The Charlotte News

Friday, October 17, 1952


Site Ed. Note: The front page reports, via Stan Carter, that nearly 1,000 Communist Chinese troops had assaulted "Sniper Ridge" on the central front in Korea this night, behind a curtain of artillery fire so intense that the South Korean defenders could not measure it. The Chinese and South Korean troops engaged in hand-to-hand combat for "Pinpoint Hill", the center peak on "Sniper Ridge", with late reports indicating that the South Koreans still controlled the hill. To the west, the South Korean Ninth Division pulled back from "Iron Horse Hill" at dark after fighting the Chinese throughout the afternoon.

The Communist dead littered the frost-whitened battlefields, with the U.S. Eighth Army having estimated that in the week ending the prior Tuesday, the Communists had suffered 10,186 casualties, including 5,868 killed, 4,258 wounded and 60 captured. The South Korean Ninth Division reported this date that it had inflicted 11,653 casualties in nine days of fighting for "White Horse Mountain", ending Wednesday. The South Korean troops had searched the hill and reported digging up 7,147 Chinese corpses buried under loose dirt and hidden in bunkers or underbrush. The Ninth Division estimated an additional 3,439 enemy soldiers killed and 1,067 wounded in the battle to control the major invasion route to Seoul guarded by White Horse.

The U.S. charged this date in a note to Moscow that Russian planes had made a "wanton and unjustifiable attack" on the U.S. B-29 missing off Japan since October 7, and demanded compensation. The note said that the plane had been unarmed and that its officers were under explicit orders to remain within Japanese territory at the time of the attack. The Russians claimed that it had violated Soviet frontiers, but the note said that the attack occurred some six miles from the Japanese island of Hokkaido, 32 miles from the closest Soviet territory on Yuri Island. The note demanded that Moscow produce an immediate report on the results of a search operation believed to have been carried out by a Soviet patrol boat, and to provide full information about any crew members of the plane who may have survived.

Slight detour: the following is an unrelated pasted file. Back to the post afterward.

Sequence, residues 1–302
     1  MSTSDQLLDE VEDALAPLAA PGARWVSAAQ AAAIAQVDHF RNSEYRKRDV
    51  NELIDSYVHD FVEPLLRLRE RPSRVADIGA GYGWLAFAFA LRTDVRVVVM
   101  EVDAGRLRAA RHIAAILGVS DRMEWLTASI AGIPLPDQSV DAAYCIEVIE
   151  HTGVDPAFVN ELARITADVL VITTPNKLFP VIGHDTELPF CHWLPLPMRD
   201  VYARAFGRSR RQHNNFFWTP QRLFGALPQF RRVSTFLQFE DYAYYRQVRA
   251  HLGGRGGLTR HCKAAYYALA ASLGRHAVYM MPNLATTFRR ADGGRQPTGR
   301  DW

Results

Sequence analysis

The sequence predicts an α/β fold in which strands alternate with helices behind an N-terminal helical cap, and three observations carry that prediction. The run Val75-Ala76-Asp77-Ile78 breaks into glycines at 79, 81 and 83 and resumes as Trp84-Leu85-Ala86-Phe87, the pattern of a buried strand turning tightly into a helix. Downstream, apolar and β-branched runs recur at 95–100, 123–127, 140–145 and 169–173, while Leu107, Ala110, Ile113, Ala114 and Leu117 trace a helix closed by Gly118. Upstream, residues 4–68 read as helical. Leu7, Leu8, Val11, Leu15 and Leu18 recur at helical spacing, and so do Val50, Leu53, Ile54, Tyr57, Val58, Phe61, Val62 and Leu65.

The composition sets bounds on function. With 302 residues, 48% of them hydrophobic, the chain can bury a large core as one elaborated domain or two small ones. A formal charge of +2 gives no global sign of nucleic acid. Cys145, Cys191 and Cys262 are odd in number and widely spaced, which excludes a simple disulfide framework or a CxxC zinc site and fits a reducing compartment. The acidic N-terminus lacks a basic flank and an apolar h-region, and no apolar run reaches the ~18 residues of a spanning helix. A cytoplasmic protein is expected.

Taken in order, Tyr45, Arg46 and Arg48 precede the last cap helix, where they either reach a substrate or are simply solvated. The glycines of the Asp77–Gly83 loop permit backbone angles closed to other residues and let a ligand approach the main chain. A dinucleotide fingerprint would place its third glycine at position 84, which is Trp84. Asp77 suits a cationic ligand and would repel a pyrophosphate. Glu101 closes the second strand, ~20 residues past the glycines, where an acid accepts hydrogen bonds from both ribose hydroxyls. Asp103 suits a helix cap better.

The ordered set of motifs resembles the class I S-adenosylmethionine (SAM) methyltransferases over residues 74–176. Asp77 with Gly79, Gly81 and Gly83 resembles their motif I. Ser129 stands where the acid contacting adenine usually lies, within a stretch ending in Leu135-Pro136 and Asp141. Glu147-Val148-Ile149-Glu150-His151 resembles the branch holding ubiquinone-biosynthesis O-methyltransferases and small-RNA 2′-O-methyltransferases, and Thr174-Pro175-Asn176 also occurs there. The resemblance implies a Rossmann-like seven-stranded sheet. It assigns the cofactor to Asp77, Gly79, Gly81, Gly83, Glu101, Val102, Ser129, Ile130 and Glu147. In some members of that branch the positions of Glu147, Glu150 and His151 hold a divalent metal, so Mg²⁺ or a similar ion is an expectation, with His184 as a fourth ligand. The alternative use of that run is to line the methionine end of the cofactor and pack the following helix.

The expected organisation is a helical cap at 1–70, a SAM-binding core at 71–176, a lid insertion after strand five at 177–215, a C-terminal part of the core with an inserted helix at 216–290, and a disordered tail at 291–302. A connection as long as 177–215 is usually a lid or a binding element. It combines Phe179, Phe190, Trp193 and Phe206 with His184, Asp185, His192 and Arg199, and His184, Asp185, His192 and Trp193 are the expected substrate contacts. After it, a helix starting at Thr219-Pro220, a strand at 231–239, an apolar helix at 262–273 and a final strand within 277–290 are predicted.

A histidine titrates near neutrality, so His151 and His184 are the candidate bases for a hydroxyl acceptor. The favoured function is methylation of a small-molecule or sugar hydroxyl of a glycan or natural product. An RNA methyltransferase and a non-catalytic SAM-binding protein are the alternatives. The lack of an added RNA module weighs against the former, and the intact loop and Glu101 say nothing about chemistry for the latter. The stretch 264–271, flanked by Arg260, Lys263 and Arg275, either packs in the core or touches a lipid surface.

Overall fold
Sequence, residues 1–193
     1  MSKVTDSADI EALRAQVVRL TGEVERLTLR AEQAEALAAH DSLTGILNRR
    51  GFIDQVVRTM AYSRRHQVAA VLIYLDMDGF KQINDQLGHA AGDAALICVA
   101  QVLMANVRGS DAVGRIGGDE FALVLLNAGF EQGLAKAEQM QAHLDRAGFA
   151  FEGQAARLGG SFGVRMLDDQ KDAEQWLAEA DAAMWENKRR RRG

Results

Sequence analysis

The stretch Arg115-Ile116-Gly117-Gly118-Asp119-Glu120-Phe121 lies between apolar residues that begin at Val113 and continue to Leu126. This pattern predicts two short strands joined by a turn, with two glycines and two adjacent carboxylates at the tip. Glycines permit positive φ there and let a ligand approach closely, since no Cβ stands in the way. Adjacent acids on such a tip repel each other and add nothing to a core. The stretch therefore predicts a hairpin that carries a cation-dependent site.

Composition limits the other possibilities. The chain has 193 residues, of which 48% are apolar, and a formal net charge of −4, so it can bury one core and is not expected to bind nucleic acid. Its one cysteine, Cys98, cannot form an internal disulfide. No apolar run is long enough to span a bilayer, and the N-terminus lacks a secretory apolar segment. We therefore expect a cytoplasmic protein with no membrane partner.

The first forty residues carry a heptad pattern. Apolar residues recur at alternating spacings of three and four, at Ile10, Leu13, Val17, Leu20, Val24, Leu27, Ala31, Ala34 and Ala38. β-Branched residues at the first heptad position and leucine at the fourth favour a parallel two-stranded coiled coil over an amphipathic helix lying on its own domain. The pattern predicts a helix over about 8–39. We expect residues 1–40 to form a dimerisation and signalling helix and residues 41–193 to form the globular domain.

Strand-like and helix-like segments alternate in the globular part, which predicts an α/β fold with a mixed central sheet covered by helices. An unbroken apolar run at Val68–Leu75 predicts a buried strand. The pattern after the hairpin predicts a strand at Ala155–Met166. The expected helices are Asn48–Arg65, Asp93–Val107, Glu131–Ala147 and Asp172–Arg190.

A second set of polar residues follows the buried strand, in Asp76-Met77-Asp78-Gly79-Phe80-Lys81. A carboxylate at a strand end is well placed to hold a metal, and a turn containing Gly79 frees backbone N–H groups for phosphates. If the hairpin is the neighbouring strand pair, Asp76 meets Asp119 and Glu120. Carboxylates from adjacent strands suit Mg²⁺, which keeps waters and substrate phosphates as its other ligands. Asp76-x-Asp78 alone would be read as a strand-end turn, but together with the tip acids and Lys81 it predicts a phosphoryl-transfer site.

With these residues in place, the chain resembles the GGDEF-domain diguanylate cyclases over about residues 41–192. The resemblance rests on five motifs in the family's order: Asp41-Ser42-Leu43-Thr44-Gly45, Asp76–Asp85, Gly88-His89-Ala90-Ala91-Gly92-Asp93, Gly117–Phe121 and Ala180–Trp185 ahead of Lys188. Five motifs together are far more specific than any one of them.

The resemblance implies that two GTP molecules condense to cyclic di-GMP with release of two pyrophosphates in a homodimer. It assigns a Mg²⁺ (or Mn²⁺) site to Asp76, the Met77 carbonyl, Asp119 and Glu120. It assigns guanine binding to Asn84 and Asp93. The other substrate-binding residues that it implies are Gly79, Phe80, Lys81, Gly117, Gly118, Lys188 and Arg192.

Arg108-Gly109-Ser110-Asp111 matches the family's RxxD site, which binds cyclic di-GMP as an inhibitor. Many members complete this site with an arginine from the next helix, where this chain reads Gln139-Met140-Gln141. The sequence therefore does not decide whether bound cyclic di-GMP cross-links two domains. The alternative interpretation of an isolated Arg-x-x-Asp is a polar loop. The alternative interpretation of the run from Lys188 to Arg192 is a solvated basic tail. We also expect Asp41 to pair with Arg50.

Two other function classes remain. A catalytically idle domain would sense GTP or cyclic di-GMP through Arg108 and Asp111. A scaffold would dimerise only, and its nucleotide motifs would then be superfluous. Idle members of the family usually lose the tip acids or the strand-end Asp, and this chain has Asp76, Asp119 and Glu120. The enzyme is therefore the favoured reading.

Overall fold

At the U.N. in New York, Soviet Foreign Minister Andrei Vishinsky announced this date that he would address the General Assembly the following day, at which time he was expected to unleash a new Kremlin diplomatic offensive, in the first major international address by a top Soviet official since the recent Communist Party Congress in Moscow. His address would follow by two days that of Secretary of State Acheson, probably indicative of firm preliminary instructions from Prime Minister Stalin to proceed without further instructions from the Kremlin. The U.N. released a report this date from its Korean Unification and Rehabilitation Commission calling on the U.N. forces to remain in Korea long after a military armistice was reached. It warned President Syngman Rhee of South Korea that "strong-handed acts by either executive or legislature undermines the stability of the country … and discourages other countries from giving the economic and other support that will be so badly needed by Korea after the fighting ceases." It indicated that efforts to repel aggression and help the victim recover from the devastation had to continue.